“The three most significant predecessors to the Shoegazing movement were the Cocteau Twins, Spacemen 3 and The Jesus and Mary Chain…”(1)
So Spacemen 3 were active from 1982 through 1991, when the two main poles of the band (Jason Spaceman & Sonic Boom AKA Pete Member) split – Jason took the other musicians in Spacemen 3 & formed Spiritualized. Sonic Boom performs under his own name, Experimental Audio Research, and Spectrum.
“What I’m trying to do,” concludes Kember, “is achieve with more abstract sounds is to touch deeper moods and feelings through the music and sounds. What I always aimed for, what we aimed for in the Spacemen, was honesty and purity. Those were the criteria that were uppermost. Something about music is very spiritual, and it can be very fulfilling. There’s few things better than to make music that can be spiritually fulfilling to people.”
I got to see Spectum play on Tuesday night. I don’t really understand what kind of taxonomic criteria he uses to decide when he’s Sonic Boom, when he’s E.A.R., and when he’s Spectrum.
Spectrum were more song-based than when I saw Sonic Boom perform solo – there ere vocals, and at one point there was a guitar, and the music would rise and fall in rough approximation of songs starting and stopping. Last time, it was just Pete (Sonic Boom), on stage, playing with weird noise manipulation tools.
Portland is also apparently ay more receptive than New York. I don’t know the relative population ratios, but I do think it’s comforting that the Portland gi had roughly five times the turnout that the New York one did.
They headlined a show which was totally perfect. To bands opened (Parenthetical Girls, Benjamin Starshine) and Matt Hollywood (ex Brian Jonestown Massacre) DJed between sets. The entire night could be seen as a measure of how absurdly influential Spacemen 3 were. Or are. More on that later.
The Parenthetical Girls are a kind of dreamy glam act – Zac Pennington has this great petulant Marc Bolan thing going, and the band shift instrumentation between songs – I feel I should mention I’ve been seeing a lot of violins and glockenspiels in bands lately. Not that it’s bad, just surprising. They’re everywhere all of a sudden. I really liked their set, and Zac did a good job in trying to explain how much Pete’s music meant to him.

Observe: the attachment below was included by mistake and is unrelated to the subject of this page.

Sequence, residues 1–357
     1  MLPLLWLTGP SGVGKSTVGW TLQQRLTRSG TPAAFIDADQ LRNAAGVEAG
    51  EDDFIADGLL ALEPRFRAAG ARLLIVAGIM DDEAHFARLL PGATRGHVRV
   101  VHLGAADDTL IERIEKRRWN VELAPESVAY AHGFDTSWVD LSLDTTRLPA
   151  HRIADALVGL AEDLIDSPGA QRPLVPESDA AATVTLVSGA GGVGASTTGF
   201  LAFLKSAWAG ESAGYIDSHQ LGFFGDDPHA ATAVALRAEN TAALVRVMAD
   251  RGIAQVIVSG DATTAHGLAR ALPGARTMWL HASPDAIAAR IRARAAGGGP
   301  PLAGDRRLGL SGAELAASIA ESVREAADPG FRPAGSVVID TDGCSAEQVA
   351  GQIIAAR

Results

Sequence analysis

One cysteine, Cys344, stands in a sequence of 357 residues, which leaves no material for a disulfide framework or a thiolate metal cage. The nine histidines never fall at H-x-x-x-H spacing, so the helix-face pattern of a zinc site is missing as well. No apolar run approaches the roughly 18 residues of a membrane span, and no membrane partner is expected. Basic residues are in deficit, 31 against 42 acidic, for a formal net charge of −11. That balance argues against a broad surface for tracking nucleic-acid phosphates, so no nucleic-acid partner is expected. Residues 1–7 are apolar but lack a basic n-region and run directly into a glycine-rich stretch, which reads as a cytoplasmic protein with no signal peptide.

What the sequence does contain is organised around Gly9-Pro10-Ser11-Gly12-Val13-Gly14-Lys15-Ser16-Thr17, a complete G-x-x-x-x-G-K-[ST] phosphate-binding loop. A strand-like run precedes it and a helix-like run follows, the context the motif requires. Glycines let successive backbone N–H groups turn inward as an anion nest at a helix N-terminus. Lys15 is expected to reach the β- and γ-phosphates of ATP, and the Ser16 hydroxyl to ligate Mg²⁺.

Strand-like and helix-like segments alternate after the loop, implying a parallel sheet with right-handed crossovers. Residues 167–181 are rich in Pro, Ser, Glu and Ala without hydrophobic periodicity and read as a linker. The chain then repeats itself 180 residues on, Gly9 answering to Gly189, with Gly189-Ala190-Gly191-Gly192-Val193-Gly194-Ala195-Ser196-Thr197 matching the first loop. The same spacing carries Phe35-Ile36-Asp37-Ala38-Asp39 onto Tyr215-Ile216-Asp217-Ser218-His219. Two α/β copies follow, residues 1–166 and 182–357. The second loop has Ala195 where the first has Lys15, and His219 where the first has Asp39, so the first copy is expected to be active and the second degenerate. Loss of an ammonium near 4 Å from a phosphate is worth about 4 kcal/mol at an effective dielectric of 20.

Musically, they were all over the place – they ended their set with an OMD cover, which was awesome, and which involved at least three, and maybe even all four of them on drums.
Benjamin Starshine were next. While the Parenthetical Girls were all mod-dressed glam-influenced dream-pop, Starshine were, as their name might suggest, unabashed revivalists playing totally right-on psychedelia. What I’d heard of them before sounded like a Dandy Warhols / BJM cover project (and I don’t mean that to sound derogatory in the least), but the stuff they played live had a really great late Beatles it-is-not-dying vibe to it.
Then Spectrum played. Like I said before, he was playing songs this time, rather than just playing with noise, and while I couldn’t find a quote to support this, I described Spacemen 3 recently as the band that really ran with the idea of repetitive minimalist sounds inducing spiritual experiences. And it was great. Some people showed up looking to dance (I imagine because the show was at Rotture, which hosts really fun and sweaty dance parties on the weekends), and seemed disconcerted to find a nightclub full of people sitting down on the floor.
I was thinking about that – because there’s another kind of Ecstasy that comes from dancing, a loss of self that you can get through repetitive beats and overwhelming rhythms, where you’re lost in recurring motions and your world collapses to movement and breath and sensation. But seeing Spectrum was almost a polar opposite – same loss of self but in a totally inverted way; this music needs to be approached, you have to make an effort to engage with it. It’s comparatively easy to get lost in the surge of a crowd, while letting washes of noise and modulating frequencies induce the same kind of transport takes a certain level of commitment to the endeavor.
If rapture-through-dance music offers a Sufi-like sense of communion with the Transcendent, then sitting for a set of Spectrum’s experimentation is the kind of transport that Buddhist chanting gets – it doesn’t have the breathless exhilaration, but it also doesn’t threaten to overwhelm sense of Self. Self may be transported, quieted, transformed and expended, but it is not overwhelmed or subsumed. I want to go off on a Nietzschean Apollo/Dionysus tangent here, but I think I’ll save that for later.